BG meters are relatively inexpensive to buy at approx. £15 for a basic meter but the cost of buying more test strips fot them is where the finances stack up and testing 2x for every meal soon uses up test strips. For this reason we recommend the 2 meters with the cheapest test strips.... the SD Gluco Navii or the Spirit Healthcare Tee2. The test strips for these are just £8 for a pot of 50 as oppose to 2x or even 3x that much for other more fancy meters.

It is also really helpful to keep an honest food diary alongside your BG readings. Over a period of a few months you will start to build up a list of meals and portion sizes which your body can cope with and then you will not need to test so frequently although many people feel it is helpful to keep a check on things after that but perhaps in a slightly less regular basis.

Anyway, I hope the above gives you some food for thought and an idea of how to progress. We can give you lots of tips and tricks for substituting high carb foods for lower carb alternatives and if there is anything you need to know or don't understand, just ask.
 

ColinUK

Well-Known Member
Relationship to Diabetes
Type 2
Generally granola for breakfast sometimes with banana in it. Light lunch some sort of salad, occasionally a small homemade pizza with salad. Dinner try to eat a couple of fish based meals. Virtually no ready meals (particularly since lockdown), we have a veggie in the house so meat eating has reduced significantly. I do eat a fair amount of fruit and lots of veg. Unfortunately I do like a few bottles of beer each day though so not a saint (yet)
Generally out of the things you’ve mentioned the ones which may well wreck your BG levels may include:
Granola
Bananas
(Presumably dairy milk to go with the granola?)
Pizza
Quite a lot of fruit
Root veg (generally green leafy stuff is OK and cauliflower, broccoli, courgette are OK)
Beer

The advice given by many courses designed for diabetics is seriously outmoded alex really ought to be updated taking into account up to date research.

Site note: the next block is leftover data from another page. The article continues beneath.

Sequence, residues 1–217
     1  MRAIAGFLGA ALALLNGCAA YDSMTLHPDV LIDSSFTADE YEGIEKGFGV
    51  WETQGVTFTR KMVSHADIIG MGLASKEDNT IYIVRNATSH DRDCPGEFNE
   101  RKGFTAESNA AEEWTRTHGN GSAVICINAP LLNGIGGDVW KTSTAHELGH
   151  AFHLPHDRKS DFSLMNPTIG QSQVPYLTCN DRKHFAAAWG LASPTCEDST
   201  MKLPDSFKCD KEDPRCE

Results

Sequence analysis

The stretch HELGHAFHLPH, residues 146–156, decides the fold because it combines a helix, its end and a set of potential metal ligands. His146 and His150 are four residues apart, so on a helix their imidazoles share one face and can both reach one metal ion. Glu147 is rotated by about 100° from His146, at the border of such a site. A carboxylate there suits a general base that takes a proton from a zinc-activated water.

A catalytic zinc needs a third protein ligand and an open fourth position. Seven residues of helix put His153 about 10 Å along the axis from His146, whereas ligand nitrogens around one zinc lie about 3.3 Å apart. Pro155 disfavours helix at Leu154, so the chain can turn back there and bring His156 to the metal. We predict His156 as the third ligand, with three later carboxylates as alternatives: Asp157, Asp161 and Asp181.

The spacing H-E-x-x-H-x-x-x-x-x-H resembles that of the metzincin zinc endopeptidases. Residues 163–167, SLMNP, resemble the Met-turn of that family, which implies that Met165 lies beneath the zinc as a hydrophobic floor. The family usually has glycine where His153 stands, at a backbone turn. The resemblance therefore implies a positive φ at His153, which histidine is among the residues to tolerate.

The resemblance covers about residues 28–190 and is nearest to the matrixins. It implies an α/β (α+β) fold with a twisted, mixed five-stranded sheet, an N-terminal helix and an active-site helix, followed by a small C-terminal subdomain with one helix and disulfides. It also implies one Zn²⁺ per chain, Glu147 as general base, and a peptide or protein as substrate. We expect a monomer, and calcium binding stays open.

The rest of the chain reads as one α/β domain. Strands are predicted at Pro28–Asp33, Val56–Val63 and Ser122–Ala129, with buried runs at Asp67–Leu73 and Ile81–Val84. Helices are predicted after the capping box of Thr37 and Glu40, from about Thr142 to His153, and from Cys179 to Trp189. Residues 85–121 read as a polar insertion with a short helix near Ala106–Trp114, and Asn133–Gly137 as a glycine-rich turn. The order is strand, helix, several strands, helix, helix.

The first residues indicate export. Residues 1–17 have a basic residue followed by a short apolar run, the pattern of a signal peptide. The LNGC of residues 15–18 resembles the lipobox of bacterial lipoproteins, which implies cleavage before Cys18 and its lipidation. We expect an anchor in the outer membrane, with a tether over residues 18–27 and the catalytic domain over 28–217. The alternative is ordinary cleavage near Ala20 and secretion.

Do you have your own BG monitor? That’s the only way you can really be certain how your body reacts to various foods.
 

Anitram

Well-Known Member
Relationship to Diabetes
Type 2
Generally granola for breakfast sometimes with banana in it. Light lunch some sort of salad, occasionally a small homemade pizza with salad. Dinner try to eat a couple of fish based meals. Virtually no ready meals (particularly since lockdown), we have a veggie in the house so meat eating has reduced significantly. I do eat a fair amount of fruit and lots of veg. Unfortunately I do like a few bottles of beer each day though so not a saint (yet)
For someone pre-diabetic it looks like some of your dietary advice hasn't been helpful. A bowl of granola with banana would probably be around half of my carb intake for a day. For some people it would be equal to or more than their entire carb intake for a day. The same could be said for pizza. Like you I eat a fair amount of fruit but I stick to berries - strawberries, raspberries and blackberries in the main - as they are all low carb. Tropical and dried fruits are the highest.

As difficult as might be with a veggie at home the fact is that fresh meat is a good choice for us Type 2s because the carb content is virtually nil.

Martin